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Choosing The Best Tomato For You

A mix of varieties. Photo by Kate Berry and Kirsten Bradley

When it comes to growing tomatoes, there are so many varieties to choose from and it can be hard to know where to start. Our deep love of the tomato, coupled with the tomato’s ability to mutate readily, has led to it being carefully selected and saved to create well over 3000 different varieties. Whether you are bottling, value-adding, selling or eating fresh, there are a vast selection of colours, shapes, and flavours to choose from. This is our guide to help you choose the best variety for your home garden, balcony or farm.


Heritage tomatoes

Heritage tomato varieties, including some modern varieties, are bred to be true to type. This means you can consistently save their seeds for a potentially endless supply of tomatoes, year after year. Some are bred for their colour, shape or size, some for their ability to make good tomato paste and some for their resilience to drought. Some come with a story handed down through generations of home growers and some come with a taste unlike any other.

Hybrid tomatoes

Hybrid tomato varieties (often called F1 Hybrids) are most commonly used in large-scale commercial tomato growing. Often hybrid tomatoes are not bred with taste, resilience or nutritional density as the primary trait. Rather, they are bred to produce larger, redder tomatoes that transport well, are uniform in shape and colour, and can withstand many weeks of refrigeration and display without showing any spoilage. Hybrid seeds cannot be saved to grow true to type so they are not suitable for home seed saving.


Most tomato cultivars can be grouped according to their size and shape, with a few exceptions. Some tomatoes, like green zebras, for example, exist in both large round and cherry groups. Others, like roma or plum tomatoes, exist in one main group only.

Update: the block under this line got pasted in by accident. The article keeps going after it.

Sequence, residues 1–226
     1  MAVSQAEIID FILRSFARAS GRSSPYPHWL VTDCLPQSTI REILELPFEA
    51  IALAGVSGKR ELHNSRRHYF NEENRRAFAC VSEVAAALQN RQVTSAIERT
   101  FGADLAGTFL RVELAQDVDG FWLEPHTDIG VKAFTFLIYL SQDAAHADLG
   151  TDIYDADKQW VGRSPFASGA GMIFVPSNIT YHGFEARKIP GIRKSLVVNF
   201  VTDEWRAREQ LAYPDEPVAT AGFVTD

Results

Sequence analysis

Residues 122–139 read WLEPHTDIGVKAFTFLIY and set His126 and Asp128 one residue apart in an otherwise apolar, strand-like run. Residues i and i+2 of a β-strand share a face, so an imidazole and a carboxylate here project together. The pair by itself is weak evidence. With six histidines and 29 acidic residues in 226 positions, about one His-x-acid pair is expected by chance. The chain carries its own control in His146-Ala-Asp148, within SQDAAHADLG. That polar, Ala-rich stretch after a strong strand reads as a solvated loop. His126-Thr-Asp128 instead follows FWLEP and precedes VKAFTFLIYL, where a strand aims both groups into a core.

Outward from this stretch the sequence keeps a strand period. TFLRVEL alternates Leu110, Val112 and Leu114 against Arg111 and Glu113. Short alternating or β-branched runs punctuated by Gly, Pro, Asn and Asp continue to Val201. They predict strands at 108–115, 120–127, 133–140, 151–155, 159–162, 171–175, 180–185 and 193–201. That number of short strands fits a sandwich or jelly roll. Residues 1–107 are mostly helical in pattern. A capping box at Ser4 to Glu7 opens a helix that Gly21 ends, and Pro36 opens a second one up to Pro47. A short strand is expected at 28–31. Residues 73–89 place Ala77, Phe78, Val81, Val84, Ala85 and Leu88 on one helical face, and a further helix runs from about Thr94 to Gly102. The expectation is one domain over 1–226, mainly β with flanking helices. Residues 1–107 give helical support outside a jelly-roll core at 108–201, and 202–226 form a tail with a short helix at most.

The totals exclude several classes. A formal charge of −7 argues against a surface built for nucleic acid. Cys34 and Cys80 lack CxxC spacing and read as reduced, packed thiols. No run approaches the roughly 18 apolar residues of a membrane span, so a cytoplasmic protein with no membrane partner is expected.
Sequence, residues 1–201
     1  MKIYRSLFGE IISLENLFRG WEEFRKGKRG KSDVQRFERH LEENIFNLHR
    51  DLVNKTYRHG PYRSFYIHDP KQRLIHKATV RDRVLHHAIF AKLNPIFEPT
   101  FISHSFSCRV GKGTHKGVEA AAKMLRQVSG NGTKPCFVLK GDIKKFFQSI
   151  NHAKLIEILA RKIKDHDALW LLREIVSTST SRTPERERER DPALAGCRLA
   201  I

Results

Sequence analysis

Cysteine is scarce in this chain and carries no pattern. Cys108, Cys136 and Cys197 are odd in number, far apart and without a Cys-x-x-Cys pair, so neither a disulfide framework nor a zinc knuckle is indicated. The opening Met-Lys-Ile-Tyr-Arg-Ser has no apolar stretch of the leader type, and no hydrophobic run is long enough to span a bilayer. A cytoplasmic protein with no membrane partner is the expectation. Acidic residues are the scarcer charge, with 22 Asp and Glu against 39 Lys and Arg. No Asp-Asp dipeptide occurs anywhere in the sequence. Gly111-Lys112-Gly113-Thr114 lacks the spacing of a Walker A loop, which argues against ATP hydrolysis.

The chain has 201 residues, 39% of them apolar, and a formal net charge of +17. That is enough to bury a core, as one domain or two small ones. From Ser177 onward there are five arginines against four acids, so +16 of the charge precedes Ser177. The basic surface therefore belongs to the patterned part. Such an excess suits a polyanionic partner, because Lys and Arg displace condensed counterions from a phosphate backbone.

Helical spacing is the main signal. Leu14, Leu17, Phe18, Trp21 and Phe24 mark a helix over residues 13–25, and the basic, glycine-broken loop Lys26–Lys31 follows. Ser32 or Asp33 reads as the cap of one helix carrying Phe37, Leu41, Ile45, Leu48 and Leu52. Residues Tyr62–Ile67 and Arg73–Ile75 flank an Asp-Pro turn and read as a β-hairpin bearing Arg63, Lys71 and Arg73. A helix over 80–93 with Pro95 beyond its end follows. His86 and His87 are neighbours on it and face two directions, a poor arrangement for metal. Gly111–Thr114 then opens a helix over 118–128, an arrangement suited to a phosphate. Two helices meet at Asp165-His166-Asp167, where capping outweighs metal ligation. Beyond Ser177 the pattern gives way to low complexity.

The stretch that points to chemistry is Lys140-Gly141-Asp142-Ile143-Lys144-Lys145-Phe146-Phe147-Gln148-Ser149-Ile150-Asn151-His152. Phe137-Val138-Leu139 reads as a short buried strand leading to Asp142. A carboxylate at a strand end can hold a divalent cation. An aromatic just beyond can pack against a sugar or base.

Cherry: a common name for all the small tomatoes, nearly all of which are climbers. Generally sweet, robust and disease resistant, cherry tomatoes come in many colours.

Pear/plum/roma: larger than cherry tomatoes, and with a pear-ish or plum-ish shape. They often have dense flesh and are therefore excellent for making sauce and paste, depending on the variety.

Round and ribbed: larger tomato cultivars with ribbing on top. These are incredibly gorgeous but are prone to cracking if they get rain at the wrong point, and are sometimes prone to disease.

Round and smooth: larger cultivars with smooth skin and a round shape.

Beefsteak: a term for the large to huge tomato varieties. When cut open, these look quite meaty and fleshy, with fewer seeds than other varieties.

Clockwise from top left: Fermented tomatoes; Oxheart tomatoes, great for preserving; Tomato harvest; Tomato seedlings. Photos by Kate Berry and Kirsten Bradley


As well as the size and shape of their fruit, tomatoes are grouped by their growing habits and how their fruit ripens. It’s important for backyard growers to have a sense of these groupings, especially if you want to grow enough tomatoes to bottle for winter.

Determinate tomatoes

Otherwise known as ‘bush’ tomatoes, determinate cultivars have a low growth habit. The name refers to the fact that each stem, once it grows a flower cluster, terminates and grows no further, hence this type of tomato does not scramble high or far. Determinate tomato plants can be either left to sit on mulched ground, or staked to allow for airflow, but not for climbing. The plant will flower over a short time and then fruit nearly all at once, commonly over a four-week period. This is excellent if you’re wanting to bottle the tomatoes. It’s a big four weeks of picking and processing, but then all the work is done.

You do need to be prepared, though, as determinate tomatoes can be quite overwhelming when they’re all ready to be picked—right now! Many of the tomatoes that are suitable for making tomato paste, such as romas, are determinate.

Indeterminate tomatoes